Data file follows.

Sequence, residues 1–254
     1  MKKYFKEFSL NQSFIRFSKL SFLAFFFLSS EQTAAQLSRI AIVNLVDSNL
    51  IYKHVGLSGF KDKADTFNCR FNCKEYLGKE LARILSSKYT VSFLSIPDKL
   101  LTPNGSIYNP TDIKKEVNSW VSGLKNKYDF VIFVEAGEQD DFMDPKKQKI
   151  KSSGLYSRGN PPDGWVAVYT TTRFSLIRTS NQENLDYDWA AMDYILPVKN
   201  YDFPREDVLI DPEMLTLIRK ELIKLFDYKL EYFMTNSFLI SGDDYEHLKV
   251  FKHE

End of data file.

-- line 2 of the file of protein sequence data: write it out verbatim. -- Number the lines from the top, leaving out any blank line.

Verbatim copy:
     1  MKKYFKEFSL NQSFIRFSKL SFLAFFFLSS EQTAAQLSRI AIVNLVDSNL